Auroral Mysteries Unveiled: NASA’s Sounding Rocket Rises Into Alaskan Skies

NASA Sounding Rocket Launches Into Alaskan Aurora

On November 8, 2023, NASA’s DISSIPATION mission was launched by a sounding rocket from Fairbanks, Alaska, with the goal of studying auroral impacts on the atmosphere. Credit: NASA/Lee Wingfield

NASA launched the DISSIPATION mission from Alaska to study auroral heating of the atmosphere.

A sounding rocket launched from Poker Flat Research Range in Fairbanks, Alaska, on November 8, 2023, carrying NASA’s Goddard Space Flight Center’s DISSIPATION mission. The rocket launched into aurora and successfully captured data to understand how auroras heat the atmosphere and cause high-altitude winds. 

The teams continue to support a second sounding rocket launch for BEAM-PIE, a mission for Los Alamos National Laboratory that will use an electron beam to create radio waves, measuring how atmospheric conditions modulate them. The data is key to interpreting measurements from many other missions. 

Sounding Rockets

Sounding rockets are suborbital rocket launches used primarily for scientific research. They are designed to take instruments into the upper atmosphere and near space to conduct experiments and gather data about atmospheric conditions, astronomical observations, and even microgravity effects. The term “sounding” is derived from the nautical term “to sound,” which means to take measurements. In the context of rockets, it refers to the taking of measurements of various atmospheric parameters.

Unlike satellites, sounding rockets do not enter orbit around Earth. They follow a parabolic trajectory, which allows them to ascend to significant altitudes before falling back to Earth, typically within a short period ranging from five to twenty minutes. This brief flight is sufficient to collect valuable data from the environment through which the rocket travels, including regions of the atmosphere that are difficult to study by other means, such as the ionosphere and auroral regions.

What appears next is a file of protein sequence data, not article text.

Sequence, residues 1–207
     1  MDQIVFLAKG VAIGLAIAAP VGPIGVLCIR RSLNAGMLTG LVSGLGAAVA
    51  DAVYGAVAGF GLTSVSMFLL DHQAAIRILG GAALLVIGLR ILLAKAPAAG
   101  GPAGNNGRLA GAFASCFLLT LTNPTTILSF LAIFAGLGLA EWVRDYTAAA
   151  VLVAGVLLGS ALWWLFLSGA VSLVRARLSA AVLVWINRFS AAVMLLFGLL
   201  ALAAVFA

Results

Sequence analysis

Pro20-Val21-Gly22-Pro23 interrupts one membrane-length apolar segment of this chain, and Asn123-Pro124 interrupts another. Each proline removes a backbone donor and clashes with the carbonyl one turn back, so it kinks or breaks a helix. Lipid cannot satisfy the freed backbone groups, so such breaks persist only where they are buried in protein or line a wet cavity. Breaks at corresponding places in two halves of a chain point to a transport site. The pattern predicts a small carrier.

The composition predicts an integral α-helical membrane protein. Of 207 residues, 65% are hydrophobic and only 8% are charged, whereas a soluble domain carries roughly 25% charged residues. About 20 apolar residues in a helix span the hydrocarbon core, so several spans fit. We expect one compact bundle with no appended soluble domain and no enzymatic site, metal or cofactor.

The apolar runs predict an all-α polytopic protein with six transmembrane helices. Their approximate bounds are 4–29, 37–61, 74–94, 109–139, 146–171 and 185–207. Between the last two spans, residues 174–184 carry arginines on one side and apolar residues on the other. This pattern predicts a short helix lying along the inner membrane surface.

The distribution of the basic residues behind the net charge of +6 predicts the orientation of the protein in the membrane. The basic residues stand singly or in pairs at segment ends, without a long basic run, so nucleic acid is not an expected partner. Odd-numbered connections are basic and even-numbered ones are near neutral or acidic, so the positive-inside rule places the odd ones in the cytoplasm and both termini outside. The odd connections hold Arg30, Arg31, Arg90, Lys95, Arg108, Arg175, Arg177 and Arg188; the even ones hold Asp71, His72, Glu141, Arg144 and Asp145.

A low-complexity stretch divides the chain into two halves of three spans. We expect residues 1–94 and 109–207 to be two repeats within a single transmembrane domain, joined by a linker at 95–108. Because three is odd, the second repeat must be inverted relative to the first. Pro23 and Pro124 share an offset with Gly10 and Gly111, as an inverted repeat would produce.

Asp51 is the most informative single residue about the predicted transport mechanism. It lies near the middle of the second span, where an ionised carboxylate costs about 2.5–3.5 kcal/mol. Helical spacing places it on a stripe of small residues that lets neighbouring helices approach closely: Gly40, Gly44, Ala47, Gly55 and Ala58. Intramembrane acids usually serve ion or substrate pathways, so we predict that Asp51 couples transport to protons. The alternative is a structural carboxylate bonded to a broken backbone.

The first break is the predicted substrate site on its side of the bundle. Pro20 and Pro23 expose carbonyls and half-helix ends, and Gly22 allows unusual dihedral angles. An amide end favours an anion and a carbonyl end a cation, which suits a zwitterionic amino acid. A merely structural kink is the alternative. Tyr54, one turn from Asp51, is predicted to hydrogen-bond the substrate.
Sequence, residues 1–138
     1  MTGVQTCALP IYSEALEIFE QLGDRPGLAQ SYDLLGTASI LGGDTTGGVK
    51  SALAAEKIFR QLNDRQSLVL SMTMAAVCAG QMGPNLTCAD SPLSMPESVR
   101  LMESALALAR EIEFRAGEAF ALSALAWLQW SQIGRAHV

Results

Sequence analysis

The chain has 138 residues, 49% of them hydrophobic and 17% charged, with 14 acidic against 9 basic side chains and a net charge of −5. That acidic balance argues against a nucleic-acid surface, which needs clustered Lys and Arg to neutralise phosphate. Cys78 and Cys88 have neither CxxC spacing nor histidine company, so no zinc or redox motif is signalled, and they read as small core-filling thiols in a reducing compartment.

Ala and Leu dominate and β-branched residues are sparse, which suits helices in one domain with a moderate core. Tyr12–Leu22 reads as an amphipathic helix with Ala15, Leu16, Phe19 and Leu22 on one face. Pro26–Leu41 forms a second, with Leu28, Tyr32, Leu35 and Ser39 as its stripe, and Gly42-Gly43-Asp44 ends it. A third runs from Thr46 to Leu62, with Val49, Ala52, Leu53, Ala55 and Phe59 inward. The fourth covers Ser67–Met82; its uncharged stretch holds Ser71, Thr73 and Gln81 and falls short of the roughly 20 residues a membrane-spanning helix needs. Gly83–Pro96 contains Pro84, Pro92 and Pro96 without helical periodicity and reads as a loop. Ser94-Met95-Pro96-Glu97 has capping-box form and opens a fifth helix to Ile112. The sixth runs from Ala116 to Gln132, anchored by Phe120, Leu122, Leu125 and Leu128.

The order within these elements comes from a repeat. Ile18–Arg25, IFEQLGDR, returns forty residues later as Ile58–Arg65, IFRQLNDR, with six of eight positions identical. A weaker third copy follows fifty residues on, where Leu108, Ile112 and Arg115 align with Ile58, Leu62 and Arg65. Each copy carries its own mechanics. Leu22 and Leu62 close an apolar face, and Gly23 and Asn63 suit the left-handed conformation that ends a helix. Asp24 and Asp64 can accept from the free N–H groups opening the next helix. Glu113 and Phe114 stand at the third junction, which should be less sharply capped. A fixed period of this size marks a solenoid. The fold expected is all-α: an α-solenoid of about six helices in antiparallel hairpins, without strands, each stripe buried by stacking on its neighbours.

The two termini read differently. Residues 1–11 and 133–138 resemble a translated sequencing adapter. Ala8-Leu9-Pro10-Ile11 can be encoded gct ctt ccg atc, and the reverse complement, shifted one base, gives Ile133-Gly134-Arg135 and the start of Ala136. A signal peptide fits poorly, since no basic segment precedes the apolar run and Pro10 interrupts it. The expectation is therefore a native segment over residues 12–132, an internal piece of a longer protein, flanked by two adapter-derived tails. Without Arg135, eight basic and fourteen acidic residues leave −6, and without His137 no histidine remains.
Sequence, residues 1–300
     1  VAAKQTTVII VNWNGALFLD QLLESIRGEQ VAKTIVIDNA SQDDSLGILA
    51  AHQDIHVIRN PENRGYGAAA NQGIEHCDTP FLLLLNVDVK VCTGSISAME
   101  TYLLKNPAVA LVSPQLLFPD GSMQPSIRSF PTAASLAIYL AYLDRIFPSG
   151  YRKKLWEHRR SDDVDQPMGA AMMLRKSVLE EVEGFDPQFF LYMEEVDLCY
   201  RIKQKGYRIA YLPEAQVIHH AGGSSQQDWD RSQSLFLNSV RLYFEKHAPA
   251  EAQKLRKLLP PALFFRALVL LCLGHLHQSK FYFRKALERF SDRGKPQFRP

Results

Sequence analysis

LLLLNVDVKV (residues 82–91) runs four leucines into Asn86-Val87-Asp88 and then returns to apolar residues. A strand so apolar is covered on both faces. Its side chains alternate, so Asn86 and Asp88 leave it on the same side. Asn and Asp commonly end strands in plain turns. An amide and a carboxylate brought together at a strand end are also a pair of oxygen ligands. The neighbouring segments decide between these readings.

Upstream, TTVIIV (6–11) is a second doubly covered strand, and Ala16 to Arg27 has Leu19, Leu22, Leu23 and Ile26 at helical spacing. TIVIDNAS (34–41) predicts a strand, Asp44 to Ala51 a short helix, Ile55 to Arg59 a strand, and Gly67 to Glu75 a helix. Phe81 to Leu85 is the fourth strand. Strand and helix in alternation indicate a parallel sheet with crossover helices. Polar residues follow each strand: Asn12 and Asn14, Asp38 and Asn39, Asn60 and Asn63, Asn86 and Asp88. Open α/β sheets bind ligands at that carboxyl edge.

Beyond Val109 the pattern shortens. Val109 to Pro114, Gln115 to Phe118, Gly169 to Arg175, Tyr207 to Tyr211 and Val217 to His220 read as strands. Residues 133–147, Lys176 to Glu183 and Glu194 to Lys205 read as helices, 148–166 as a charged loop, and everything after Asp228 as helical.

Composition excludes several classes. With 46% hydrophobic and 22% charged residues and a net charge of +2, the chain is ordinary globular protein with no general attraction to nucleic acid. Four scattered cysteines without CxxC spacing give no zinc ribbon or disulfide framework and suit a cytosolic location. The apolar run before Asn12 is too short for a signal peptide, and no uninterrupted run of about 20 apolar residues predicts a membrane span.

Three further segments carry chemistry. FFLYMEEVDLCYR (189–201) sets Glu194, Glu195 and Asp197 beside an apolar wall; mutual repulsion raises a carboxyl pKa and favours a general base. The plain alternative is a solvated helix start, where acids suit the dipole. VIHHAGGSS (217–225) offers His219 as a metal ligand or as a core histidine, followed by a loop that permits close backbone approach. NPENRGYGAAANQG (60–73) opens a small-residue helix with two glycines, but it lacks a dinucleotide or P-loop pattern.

Sounding rockets are advantageous for their relatively low cost, rapid development times, and their ability to carry a wide range of scientific instruments to altitudes between 50 and 1,500 kilometers. They are also useful for testing or calibrating instruments that will be used on longer-duration space missions.

NASA’s Sounding Rockets Program

For over 40 years NASA’s Sounding Rocket Program has provided critical scientific, technical, and educational contributions to America’s space program and is one of the most robust, versatile, and cost-effective flight programs at NASA.

NASA’s Sounding Rockets Program, funded by NASA’s Heliophysics Division, is managed at the agency’s Wallops Flight Facility in Virginia, under NASA’s Goddard Space Flight Center in Greenbelt, Maryland.

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